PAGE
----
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Architecture in Global Socialism: Eastern Europe, West Africa, and the Middle East in the Cold War

review of the book by Łukasz Stanek

Although it was published just a few months ago, reviewers already agree; this is one of those books that allow you to see the post-war reality from a completely different perspective. Some are enthusiastic enough to even claim that it turns a discipline upside down. Fortunately, it is also a solid and engaging work about very interesting phenomena. And don’t be misled by the title or by the number of illustrations included in the book – it is not really about buildings!

by Alicja Gzowska

The work of specialists from Eastern-bloc countries for the benefit of the Global South countries during the Cold War, which was an almost mass phenomenon in the 1980s, became the starting point for a research project by Łukasz Stanek almost a decade ago. It is strange that until now the topic has been treated so marginally by historiography. Of course, nowadays researchers are again interested in the subject, as evidenced for instance in Poland by recent books on the so-called “Polish school of development”. But very often such publications take into consideration only one of the many aspects of mentioned phenomena as well as complex global issues. Furthermore, in broadly understood Western sources and studies one will not really find any references for the considerable amount of work done by specialists from socialist countries. However, if they are not taken into account, the history of the cities of Ghana, Nigeria, Iraq, Kuwait and the United Arab Emirates remains incomplete and incomprehensible.

Author: Łukasz Stanek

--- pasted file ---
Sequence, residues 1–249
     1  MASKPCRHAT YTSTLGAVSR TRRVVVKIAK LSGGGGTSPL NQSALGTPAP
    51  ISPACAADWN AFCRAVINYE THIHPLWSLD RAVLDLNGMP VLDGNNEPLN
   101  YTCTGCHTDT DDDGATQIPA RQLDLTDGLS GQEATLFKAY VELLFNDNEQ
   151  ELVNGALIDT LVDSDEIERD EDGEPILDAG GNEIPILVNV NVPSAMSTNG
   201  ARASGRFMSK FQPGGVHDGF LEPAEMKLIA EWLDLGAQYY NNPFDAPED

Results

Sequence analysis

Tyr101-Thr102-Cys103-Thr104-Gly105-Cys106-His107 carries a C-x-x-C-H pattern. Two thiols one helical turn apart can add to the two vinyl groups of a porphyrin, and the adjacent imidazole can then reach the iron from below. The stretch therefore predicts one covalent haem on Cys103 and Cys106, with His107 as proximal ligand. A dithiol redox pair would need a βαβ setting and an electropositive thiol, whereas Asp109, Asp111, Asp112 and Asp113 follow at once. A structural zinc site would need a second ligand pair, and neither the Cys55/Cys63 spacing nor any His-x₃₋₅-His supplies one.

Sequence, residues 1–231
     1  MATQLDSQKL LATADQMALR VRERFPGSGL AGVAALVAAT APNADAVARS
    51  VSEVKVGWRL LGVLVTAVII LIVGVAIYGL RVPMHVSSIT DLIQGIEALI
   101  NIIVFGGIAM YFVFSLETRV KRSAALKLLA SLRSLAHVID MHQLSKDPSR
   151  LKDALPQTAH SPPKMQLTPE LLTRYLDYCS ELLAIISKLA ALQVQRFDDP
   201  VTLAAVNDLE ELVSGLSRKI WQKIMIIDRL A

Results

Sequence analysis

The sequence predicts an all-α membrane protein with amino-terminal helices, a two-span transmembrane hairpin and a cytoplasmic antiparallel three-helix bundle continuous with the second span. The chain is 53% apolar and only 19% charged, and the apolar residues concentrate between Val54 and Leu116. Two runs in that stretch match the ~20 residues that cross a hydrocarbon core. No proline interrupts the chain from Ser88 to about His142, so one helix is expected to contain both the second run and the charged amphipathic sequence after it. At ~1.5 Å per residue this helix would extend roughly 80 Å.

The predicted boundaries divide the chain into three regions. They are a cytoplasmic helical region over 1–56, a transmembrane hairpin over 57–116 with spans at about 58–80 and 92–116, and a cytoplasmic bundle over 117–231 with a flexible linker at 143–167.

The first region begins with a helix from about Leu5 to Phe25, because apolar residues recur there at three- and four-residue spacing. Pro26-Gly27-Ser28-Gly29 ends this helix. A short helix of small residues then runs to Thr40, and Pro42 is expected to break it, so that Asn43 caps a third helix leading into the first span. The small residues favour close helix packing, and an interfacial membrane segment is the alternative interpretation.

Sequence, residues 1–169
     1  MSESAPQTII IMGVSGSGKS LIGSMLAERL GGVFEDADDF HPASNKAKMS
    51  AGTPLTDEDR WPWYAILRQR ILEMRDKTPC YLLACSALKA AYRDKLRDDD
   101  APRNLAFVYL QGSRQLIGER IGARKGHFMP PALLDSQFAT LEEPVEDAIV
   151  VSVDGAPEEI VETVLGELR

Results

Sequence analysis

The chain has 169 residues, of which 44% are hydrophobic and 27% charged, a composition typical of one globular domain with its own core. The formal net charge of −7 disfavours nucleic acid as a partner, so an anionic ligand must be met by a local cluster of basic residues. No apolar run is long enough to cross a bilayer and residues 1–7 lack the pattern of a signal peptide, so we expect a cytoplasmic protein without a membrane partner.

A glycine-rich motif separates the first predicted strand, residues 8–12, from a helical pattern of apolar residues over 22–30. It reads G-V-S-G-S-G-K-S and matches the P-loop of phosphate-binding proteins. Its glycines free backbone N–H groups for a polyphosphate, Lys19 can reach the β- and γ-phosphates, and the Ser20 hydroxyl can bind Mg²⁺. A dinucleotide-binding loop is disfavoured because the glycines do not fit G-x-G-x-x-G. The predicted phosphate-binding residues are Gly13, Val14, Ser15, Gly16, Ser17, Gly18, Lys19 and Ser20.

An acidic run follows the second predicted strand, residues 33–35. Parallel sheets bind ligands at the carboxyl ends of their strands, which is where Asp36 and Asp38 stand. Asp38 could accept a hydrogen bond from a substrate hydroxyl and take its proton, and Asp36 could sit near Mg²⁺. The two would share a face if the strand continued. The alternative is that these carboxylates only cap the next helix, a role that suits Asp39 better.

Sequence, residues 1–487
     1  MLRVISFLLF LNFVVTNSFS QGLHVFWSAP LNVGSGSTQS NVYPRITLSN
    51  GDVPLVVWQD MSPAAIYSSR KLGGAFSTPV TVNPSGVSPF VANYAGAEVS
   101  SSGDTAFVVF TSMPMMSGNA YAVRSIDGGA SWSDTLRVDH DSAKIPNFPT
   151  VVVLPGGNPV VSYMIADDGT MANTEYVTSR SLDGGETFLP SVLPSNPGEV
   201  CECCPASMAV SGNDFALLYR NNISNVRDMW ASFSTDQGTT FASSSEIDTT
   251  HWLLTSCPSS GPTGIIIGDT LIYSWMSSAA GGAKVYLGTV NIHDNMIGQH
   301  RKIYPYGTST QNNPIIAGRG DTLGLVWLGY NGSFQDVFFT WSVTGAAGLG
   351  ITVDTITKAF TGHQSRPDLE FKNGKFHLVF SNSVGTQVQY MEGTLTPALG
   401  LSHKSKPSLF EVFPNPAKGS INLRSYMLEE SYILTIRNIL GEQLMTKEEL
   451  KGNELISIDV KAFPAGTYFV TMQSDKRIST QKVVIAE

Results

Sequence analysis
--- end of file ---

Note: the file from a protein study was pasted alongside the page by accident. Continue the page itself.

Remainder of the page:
Title: „Architecture in Global Socialism: Eastern Europe, West Africa, and the Middle East in the Cold War
Publisher: Princeton UP
ISBN: 9780691168708

A very serious consequence of not acknowledging this work , as Stanek indicates, is the practice of reducing historical (and architectural) phenomena to schemes based on a Western point of view, such as post-colonialism, westernization and the globalization of capitalism. And although on the publisher’s website we can read that Architecture in Global Socialism is the story of “how socialist architects, planners, and contractors worked collectively to urbanize and develop the Global South during the Soviet era”, it is obvious that Stanek was more ambitious than simply introducing this “missing” narrative into mainstream historiography.

This comparison of the recent history of five cities: Abu Dhabi, Accra, Baghdad, Kuwait and Lagos has become a pretext for presenting a fascinating image of the confusing and changing interconnections of postwar architecture over time. Architecture is understood here not only as a design or a final construction, but rather as the culmination of a range of endeavors and processes. From this perspective, it becomes possible to trace how this labour (and in consequence, architecture itself) was positioned in the complex global network and show it as part of a system operating at various scales. Thanks to this, Stanek not only analyzes the economic and political context that drives architecture, but also important issues such as housing, industrial buildings, infrastructure, education, transfer of documents , building materials, technologies, standards and images.

In the chapter on Accra during the reign of Kwame Nkrumah (1957-66), a clear emphasis is placed on the presentation of the so-called “socialist path of development”, that is, a proposal building a modern economy based on Soviet experience and models – a significant alternative to the Western capitalist model. Its architectural element, discussed as one of the key examples, is the (unrealized) Soviet program for building housing in Ghana with prefabricated concrete elements. This “gift” to the government of Ghana was to be another Soviet (global) building standard that had already been successfully adapted to the local conditions in Central Asian cities. However, it had long-term consequences – it not only changed the norms of everyday life as a result of  the new architectural framework, but also a new economic model grew out of the implementation of new technology and its controlled distribution. It should be emphasized, however, that Ghana was by no means a passive observer of competing networks. For instance the history of design and construction of the International Fair in Accra is in the book presented through a local point of view. Thus, it emphasizes the conscious policy of the Ghanaian government and the companies it founded – active players efficiently negotiating and using existing antagonisms to own advantage.